Looking into myself: Changes in interoceptive sensitivity during mirror self-observation

Vivien Ainley*, Ana Tajadura-Jiménez, Aikaterini Fotopoulou, Manos Tsakiris

*Corresponding author for this work

Research output: Contribution to journalArticlepeer-review

129 Citations (Scopus)


Interoceptive sensitivity is an essential component of recent models of "the self." Increased focus on the self (e.g., self-observation in a mirror) can enhance aspects of self-processing. We examined whether self-observation also enhances interoceptive sensitivity. Participants performed a heartbeat detection task while looking at their own face in a mirror or at a black screen. There was significant improvement in interoceptive sensitivity in the mirror condition for those participants with lower interoceptive sensitivity at baseline. This effect was independent of the order of conditions, gender, age, body mass index, habitual exercise, and changes in heart rate. Our results suggest that self-observation may represent a viable way of manipulating individuals' interoceptive sensitivity, in order to directly test causal relations between interoceptive sensitivity and exteroceptive self-processing.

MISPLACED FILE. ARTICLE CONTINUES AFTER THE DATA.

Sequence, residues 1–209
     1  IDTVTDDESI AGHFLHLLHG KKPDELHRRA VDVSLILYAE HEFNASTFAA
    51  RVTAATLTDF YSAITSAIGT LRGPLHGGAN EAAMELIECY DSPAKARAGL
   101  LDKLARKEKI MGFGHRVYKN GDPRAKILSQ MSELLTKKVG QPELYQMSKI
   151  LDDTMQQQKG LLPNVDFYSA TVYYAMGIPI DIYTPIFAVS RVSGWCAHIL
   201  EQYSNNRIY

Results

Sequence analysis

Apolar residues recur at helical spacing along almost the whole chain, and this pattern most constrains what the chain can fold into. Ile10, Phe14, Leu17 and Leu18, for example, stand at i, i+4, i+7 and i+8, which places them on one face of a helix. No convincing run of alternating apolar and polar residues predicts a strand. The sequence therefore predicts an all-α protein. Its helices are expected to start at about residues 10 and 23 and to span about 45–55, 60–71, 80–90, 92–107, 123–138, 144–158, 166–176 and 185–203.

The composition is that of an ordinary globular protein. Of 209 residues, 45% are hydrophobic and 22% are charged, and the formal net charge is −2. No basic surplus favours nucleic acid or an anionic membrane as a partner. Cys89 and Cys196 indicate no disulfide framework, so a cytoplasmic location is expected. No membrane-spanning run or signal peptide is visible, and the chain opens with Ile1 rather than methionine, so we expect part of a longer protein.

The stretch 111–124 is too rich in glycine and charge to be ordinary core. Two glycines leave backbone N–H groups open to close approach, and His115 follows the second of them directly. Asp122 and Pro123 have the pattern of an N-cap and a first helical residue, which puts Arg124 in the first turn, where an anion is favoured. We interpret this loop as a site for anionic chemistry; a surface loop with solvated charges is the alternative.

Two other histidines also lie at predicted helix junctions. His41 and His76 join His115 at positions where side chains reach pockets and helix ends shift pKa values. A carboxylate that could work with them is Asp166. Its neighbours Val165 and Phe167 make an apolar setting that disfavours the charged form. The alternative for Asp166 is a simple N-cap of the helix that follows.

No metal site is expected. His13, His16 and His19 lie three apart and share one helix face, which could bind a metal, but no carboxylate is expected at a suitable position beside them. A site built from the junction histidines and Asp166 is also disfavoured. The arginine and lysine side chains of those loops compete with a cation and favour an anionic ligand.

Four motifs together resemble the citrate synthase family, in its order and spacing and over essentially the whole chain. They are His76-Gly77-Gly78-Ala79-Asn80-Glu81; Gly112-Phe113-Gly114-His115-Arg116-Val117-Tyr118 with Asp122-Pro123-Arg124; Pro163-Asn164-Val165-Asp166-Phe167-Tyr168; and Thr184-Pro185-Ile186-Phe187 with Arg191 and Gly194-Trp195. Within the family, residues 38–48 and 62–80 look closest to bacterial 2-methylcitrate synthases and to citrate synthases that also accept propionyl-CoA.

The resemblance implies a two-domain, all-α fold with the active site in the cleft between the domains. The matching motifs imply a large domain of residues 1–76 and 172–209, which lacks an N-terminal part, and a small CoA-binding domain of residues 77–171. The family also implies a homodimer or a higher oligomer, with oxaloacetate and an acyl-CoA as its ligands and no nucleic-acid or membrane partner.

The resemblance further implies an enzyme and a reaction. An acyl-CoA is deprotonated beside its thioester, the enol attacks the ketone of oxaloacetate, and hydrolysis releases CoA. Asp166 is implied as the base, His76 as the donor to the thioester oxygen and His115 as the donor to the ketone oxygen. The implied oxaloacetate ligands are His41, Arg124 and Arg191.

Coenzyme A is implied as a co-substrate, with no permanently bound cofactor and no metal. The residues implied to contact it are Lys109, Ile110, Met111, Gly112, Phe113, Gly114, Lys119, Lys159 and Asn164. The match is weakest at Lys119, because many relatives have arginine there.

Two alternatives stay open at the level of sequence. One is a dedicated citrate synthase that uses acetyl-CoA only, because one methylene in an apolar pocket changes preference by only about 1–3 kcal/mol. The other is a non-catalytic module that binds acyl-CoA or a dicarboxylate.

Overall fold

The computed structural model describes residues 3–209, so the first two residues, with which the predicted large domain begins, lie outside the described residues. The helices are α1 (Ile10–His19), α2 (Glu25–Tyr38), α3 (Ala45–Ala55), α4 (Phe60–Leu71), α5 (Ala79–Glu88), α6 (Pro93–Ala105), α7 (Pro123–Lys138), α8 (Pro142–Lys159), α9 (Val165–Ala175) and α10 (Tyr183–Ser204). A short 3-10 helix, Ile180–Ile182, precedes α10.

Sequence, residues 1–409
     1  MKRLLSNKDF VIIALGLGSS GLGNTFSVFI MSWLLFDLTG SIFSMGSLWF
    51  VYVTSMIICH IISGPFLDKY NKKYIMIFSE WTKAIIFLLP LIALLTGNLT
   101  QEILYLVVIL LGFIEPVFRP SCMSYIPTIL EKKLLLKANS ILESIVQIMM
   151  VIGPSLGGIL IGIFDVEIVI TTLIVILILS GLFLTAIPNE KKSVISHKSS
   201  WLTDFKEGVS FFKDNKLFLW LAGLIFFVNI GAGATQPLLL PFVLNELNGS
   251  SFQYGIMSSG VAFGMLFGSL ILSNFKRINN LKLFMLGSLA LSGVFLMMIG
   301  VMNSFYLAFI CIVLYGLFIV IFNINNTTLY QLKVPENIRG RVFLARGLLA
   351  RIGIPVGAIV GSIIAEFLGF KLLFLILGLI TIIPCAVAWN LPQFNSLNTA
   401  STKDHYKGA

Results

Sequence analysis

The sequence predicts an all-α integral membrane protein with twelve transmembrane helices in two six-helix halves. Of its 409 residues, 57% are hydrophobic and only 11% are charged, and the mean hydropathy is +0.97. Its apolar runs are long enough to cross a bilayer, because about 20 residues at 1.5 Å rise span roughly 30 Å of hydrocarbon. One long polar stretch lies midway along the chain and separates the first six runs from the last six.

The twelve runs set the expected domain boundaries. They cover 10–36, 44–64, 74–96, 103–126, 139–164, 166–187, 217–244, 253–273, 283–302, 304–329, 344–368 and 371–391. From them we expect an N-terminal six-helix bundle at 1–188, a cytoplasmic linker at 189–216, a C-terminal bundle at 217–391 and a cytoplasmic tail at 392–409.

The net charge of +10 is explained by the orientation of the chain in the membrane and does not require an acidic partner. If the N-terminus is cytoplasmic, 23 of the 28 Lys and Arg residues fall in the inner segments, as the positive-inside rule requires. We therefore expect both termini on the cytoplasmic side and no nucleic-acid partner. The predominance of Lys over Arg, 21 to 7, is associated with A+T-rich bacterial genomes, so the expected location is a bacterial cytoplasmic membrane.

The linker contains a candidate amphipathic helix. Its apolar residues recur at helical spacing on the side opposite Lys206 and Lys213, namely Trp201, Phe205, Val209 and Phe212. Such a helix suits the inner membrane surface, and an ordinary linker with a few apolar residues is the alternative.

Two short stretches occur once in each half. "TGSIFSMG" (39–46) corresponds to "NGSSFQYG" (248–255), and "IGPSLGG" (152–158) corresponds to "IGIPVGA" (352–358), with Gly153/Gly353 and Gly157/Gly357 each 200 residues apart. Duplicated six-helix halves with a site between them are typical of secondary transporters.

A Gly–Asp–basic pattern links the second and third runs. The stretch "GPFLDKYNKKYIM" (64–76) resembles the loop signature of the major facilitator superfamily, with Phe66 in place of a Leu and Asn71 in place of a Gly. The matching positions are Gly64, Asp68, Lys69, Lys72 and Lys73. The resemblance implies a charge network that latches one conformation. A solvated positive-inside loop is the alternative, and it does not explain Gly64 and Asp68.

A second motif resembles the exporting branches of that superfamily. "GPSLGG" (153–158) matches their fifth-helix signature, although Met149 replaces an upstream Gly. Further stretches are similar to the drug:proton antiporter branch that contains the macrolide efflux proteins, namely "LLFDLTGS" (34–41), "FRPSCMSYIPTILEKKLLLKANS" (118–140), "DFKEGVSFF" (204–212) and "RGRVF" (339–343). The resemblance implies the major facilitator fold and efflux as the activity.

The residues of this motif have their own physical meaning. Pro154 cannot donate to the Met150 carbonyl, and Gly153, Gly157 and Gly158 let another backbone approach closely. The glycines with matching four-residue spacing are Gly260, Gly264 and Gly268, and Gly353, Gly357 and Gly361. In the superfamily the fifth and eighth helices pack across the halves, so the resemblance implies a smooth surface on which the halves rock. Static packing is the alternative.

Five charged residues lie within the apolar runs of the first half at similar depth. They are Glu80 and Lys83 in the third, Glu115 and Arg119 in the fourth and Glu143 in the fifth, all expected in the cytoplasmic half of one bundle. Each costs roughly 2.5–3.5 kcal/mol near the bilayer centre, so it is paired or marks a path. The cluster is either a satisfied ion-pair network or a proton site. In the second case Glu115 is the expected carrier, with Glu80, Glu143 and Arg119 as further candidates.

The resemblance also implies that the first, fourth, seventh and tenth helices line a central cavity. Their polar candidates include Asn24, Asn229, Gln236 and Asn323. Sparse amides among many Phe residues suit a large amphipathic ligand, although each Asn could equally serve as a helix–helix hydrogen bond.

Original languageEnglish
Pages (from-to)1672-1676
Number of pages5
Issue number11
Publication statusPublished - 1 Nov 2012


  • Heartbeat detection
  • Individual differences
  • Interoception
  • Mirror self-observation


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